You are not permitted to download, save or email this image. Visit image gallery to purchase the image.
Conservation manager Elton Smith said information released in September that the stoat had probably been poisoned was incorrect and it was ''highly likely'' this was the stoat detected in June.
A stoat-detecting dog from the Bay of Islands found a den inside the predator-proof fence on November 5 and a mother and two offspring, known as kits, were trapped and killed.
''Her [the stoat's] fatal flaw was trying to save her young,'' Mr Smith said.
''We trapped her and her young one.''
The den was identified at the base of a totara tree by the dog and staff covered three of five entrances with soil and stones. Traps were placed on the other two entrances and within 24 hours, the stoat had been trapped.
The second kit was found unconscious inside the den.
Mr Smith said the stoats had most definitely been taking native birds to eat. Kaka remains were found in the den.
''There's no doubt about it, they have killed,'' he said.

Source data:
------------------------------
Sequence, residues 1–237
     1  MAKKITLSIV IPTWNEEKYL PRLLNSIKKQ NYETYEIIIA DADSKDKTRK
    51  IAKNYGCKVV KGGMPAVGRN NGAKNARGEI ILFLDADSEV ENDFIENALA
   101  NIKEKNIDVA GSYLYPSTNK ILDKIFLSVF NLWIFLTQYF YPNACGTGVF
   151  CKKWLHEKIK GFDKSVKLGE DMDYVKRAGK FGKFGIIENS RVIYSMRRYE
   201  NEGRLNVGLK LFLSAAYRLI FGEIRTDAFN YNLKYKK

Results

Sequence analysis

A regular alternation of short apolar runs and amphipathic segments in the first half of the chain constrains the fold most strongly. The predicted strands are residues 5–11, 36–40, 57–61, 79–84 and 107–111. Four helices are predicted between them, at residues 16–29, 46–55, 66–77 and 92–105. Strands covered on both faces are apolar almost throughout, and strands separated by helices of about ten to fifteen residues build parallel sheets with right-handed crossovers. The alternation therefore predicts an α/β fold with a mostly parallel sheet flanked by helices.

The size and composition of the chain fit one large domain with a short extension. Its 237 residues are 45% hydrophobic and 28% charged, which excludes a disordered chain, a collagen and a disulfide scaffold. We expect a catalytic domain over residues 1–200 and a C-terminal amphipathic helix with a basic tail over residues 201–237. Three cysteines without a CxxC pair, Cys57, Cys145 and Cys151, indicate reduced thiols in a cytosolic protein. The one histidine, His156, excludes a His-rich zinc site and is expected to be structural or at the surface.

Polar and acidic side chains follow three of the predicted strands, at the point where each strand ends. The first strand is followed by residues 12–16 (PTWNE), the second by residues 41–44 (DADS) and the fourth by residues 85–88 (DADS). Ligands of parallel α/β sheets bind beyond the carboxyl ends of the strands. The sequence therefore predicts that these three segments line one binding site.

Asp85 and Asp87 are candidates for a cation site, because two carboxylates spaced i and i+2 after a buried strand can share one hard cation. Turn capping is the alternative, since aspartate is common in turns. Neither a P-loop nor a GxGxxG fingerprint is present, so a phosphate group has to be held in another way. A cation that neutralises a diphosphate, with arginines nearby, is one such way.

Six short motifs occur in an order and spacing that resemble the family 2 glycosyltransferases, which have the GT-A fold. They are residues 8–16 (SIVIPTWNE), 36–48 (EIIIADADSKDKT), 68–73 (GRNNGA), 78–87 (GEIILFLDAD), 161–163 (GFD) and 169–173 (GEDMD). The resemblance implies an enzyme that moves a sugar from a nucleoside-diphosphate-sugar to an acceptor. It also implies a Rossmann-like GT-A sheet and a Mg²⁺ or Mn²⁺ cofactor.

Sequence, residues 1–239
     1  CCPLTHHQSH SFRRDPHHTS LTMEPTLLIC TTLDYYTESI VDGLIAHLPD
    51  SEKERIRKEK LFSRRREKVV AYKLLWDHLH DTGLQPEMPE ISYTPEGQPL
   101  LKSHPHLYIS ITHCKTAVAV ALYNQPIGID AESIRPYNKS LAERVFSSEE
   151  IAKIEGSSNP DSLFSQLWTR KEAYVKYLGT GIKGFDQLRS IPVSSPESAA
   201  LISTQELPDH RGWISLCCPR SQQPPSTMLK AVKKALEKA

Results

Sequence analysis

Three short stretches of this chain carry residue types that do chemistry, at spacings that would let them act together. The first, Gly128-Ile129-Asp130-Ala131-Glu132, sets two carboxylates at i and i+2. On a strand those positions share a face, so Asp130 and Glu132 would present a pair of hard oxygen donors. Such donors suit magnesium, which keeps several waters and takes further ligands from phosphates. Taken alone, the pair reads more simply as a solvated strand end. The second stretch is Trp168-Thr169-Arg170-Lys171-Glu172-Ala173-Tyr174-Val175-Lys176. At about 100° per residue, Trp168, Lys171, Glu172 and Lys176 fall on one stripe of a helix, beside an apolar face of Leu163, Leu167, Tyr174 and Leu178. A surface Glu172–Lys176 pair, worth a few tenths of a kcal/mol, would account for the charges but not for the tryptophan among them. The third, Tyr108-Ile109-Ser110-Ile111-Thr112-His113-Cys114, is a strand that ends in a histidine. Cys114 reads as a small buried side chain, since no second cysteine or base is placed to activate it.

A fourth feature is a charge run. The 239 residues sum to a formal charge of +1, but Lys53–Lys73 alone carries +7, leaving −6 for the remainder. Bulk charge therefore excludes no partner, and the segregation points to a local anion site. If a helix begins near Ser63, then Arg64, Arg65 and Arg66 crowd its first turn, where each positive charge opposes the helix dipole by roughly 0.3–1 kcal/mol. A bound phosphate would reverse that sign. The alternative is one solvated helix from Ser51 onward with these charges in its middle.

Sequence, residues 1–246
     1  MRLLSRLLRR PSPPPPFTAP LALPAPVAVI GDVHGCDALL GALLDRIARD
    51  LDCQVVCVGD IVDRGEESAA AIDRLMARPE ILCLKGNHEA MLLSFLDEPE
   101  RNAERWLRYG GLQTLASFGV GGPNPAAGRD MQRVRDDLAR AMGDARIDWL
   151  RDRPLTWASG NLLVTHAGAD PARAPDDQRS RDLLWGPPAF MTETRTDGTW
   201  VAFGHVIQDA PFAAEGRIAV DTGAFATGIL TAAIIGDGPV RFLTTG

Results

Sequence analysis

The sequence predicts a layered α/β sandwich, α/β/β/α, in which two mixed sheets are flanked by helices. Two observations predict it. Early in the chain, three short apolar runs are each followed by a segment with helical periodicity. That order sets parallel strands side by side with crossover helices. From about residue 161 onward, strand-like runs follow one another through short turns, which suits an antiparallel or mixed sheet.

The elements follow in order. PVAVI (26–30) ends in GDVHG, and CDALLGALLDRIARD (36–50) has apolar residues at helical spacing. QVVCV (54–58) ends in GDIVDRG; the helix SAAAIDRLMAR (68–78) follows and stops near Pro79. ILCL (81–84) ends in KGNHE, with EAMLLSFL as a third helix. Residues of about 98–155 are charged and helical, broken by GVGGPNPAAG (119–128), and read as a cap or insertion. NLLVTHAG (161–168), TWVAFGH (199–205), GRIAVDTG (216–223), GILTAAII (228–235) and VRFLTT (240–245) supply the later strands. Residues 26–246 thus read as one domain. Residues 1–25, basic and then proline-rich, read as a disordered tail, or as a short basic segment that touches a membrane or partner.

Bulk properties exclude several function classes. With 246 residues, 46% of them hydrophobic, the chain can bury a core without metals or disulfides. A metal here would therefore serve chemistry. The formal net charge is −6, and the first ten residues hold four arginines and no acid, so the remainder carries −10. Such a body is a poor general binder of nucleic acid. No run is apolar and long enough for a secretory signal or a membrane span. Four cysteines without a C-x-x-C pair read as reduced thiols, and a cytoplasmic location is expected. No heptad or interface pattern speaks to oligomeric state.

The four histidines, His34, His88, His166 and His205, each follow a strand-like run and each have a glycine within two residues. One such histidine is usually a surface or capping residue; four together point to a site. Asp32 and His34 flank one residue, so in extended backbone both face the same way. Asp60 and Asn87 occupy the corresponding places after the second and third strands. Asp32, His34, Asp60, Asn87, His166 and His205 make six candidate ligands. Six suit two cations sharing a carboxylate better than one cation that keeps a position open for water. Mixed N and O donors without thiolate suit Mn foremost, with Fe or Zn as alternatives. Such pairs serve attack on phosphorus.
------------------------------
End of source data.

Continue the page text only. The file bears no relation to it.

''The fact that we can't find any saddlebacks any more [confirms it]. For all money, there doesn't seem to be any [saddlebacks] in here ... at all. We used to have 50 or 60.''
Orokonui was the only area on the mainland that previously had saddlebacks. Mr Smith said the stoat could have got in to the predator-free zone by climbing the fence during a heavy snowfall in June but a more likely scenario was that it came through an open water gate that was jammed.
''We're trying to figure out how we can change the water gate system.
''When you realise maybe you have lost an entire species, it's worth it [modifying the gates].''
Other changes were being implemented next year to cope with predators, including manually removing snow from around the fence line and possibly acquiring a full-time stoat-detecting dog.
''We still don't know if we're stoat-free. This could be it,'' Mr Smith said.